Possible liquefied natural gas facility in Saldanha BayNovember 6, 2014 by: admin
Energy multinational Shell says South Africa would be able to recoup the capital costs associated with a liquefied natural gas (LNG) import terminal within three to four years by using the gas to replace diesel at Eskom’s open-cycle gas-turbines (OCGT) in the Western Cape.
The electricity utility spent a whopping R10.5-billion on diesel fuel in 2013/14 to operate the Gourikwa and Ankerlig facilities, which together produced 3 621 GWh, translating to a load factor of over 19.3%.
In addition, following the recent collapse of a coal silo at the Majuba power station, in Mpumalanga, Eskom indicated that it might need to lean more heavily on the OCGT plants during the high-maintenance summer period.
Shell LNG business development manager John Shoobridge argued on Wednesday that the savings associated with switching the plants to gas should be more than sufficient to offset fears over the infrastructure costs associated with a LNG terminal, which he acknowledged would be significant.
The final cost would depend of the site and type of terminal selected, with Shell studying various possible locations after PetroSA confirmed that the ocean conditions off Mossel Bay were not suitable for a floating storage and re-gasification unit.
PetroSA had estimated the capital costs of such a terminal – which would have supplied gas to both its gas-to-liquids plant and Eskom’s Gourikwa plant – at between $375-million to $510-million. The National Oil Company indicated recently it was now interrogating alternative locations for a terminal.
Shoobridge suggested the terminal could be developed as public-private partnership and indicated that Shell was already studying possible sites near Saldanha Bay, off the West Coast, Coega, in the Eastern Cape, and Richards Bay, in KwaZulu-Natal.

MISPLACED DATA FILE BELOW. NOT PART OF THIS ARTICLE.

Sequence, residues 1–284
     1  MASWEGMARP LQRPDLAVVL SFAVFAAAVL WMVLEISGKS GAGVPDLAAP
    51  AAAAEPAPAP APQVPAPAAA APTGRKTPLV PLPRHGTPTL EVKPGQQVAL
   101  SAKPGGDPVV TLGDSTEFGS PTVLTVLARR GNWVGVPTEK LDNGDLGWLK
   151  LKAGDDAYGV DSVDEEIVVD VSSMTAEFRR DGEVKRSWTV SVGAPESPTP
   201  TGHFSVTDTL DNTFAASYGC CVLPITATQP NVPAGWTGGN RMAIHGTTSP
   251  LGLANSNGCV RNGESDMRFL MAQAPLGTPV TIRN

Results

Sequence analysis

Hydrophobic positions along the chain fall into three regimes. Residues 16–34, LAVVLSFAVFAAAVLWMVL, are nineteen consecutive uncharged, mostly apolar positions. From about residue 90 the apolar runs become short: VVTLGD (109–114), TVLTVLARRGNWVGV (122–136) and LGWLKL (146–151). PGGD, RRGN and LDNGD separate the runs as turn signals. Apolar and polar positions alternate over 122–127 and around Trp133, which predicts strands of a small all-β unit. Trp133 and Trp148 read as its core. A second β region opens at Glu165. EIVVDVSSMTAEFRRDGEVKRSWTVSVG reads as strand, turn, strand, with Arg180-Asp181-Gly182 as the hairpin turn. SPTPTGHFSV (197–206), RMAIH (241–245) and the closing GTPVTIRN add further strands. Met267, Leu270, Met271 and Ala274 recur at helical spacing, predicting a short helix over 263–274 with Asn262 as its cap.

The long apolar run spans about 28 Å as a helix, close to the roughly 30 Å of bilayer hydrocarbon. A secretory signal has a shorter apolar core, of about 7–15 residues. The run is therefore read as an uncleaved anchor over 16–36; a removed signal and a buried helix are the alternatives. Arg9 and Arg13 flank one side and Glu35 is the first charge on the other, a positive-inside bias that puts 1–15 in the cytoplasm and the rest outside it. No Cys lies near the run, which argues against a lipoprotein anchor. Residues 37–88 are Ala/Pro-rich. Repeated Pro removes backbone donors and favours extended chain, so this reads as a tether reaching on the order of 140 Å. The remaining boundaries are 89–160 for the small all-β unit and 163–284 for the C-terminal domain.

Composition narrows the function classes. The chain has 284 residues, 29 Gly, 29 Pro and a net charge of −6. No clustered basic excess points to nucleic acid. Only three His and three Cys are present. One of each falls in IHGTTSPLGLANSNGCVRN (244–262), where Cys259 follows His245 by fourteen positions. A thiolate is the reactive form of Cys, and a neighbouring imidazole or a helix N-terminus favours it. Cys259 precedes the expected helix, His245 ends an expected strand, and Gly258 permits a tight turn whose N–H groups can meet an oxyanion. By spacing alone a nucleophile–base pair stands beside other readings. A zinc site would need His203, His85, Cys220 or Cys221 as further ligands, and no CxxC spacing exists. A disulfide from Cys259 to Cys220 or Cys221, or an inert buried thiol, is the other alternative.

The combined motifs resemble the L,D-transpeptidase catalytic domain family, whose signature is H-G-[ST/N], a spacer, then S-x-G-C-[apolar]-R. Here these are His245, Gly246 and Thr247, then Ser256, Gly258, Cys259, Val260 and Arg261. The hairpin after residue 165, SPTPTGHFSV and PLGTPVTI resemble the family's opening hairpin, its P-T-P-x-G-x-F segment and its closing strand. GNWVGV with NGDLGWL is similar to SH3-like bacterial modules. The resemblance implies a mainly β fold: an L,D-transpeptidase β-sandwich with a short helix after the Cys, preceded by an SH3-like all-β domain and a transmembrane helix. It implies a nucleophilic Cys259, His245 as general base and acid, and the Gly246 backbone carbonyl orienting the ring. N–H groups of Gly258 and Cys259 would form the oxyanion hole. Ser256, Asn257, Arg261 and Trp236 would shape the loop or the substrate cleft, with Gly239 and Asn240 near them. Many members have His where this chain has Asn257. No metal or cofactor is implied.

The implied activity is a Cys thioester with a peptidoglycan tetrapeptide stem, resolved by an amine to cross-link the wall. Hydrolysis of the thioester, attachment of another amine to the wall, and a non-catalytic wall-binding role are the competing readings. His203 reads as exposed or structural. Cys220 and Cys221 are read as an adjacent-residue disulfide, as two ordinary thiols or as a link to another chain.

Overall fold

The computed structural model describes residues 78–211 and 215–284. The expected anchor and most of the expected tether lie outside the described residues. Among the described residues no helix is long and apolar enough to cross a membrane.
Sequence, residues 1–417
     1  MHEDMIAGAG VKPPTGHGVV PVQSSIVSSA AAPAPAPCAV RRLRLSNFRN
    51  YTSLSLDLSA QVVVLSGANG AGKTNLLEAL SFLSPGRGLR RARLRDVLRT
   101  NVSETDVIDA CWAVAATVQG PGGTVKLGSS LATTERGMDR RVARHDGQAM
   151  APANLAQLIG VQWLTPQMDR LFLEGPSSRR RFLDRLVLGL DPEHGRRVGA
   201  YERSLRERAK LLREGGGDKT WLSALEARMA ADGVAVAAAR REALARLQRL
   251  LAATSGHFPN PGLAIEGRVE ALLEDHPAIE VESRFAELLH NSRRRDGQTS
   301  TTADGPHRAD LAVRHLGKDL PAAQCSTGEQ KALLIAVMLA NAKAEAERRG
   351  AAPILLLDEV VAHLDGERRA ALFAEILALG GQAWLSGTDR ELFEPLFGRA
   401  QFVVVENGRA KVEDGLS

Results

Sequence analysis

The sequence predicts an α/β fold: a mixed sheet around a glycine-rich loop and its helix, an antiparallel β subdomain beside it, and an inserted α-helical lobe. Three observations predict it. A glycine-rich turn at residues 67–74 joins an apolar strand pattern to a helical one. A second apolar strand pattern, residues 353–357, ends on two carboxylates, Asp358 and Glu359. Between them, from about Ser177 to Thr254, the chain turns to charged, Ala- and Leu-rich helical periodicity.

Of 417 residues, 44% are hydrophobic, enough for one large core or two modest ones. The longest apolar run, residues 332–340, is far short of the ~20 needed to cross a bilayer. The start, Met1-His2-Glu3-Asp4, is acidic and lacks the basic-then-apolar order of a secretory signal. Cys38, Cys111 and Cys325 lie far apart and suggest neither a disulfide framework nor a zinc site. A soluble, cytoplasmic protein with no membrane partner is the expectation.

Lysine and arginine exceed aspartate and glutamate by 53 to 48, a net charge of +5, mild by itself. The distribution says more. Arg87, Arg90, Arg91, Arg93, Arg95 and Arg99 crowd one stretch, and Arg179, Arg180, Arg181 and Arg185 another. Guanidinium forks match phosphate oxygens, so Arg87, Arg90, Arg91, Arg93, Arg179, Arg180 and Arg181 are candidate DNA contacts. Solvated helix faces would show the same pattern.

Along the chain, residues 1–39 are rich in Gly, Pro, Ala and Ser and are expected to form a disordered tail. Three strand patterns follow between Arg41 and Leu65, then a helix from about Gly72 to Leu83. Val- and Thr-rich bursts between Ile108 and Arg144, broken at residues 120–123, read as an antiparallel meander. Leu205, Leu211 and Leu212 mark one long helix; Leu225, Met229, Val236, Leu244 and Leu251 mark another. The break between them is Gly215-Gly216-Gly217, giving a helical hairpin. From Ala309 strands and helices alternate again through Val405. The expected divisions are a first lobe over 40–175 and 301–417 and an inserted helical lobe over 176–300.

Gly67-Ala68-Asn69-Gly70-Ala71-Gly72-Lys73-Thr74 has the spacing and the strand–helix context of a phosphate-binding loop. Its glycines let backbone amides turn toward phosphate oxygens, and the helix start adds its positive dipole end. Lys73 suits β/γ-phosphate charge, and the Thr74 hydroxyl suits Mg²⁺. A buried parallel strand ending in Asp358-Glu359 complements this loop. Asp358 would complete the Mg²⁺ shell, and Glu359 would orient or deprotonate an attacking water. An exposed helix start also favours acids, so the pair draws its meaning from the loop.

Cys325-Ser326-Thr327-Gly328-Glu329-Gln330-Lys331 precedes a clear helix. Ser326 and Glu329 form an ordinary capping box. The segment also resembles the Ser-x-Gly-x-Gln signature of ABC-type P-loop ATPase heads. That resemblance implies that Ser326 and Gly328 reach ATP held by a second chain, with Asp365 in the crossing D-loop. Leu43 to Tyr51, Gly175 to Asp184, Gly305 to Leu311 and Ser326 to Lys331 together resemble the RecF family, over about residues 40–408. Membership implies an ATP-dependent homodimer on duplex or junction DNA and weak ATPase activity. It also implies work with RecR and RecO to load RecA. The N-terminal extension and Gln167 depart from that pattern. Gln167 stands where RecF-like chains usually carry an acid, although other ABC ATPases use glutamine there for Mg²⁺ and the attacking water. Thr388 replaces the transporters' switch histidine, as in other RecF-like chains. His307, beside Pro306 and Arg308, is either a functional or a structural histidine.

“South Africa is very concerned about its balance of payments. Well . . . displacing the current amount of diesel that is being burnt at the OCGTs . . . can save us as much as $100-million per year,” he added.
The other potential spin-offs envisaged by Shell included creating capacity to increase gas-to-power output in the short term, while laying the infrastructure foundation for a future gas market based on domestic gas that could be mined offshore, or in the Karoo basin, where Shell is keen to explore for shale gas.
Shoobridge estimated that South Africa could developed LNG import capacity within three to five years and said the gas-fired power plants could be developed in parallel.
Gas-fired plants, he added, were far quicker to develop than either coal or nuclear and were generally half the capital cost of a coal-fired station and a fifth that of a nuclear plant for an equivalent size.
LNG imports had reportedly been incorporated into the Department of Energy’s Gas Utilisation Master Plan (Gump). However the draft plan, which was expected to be released in June, had not yet been published.
Gas advocates believe the Gump should be receiving priority, largely owing to the relative speed at which gas solutions can be deployed in the electricity sector.
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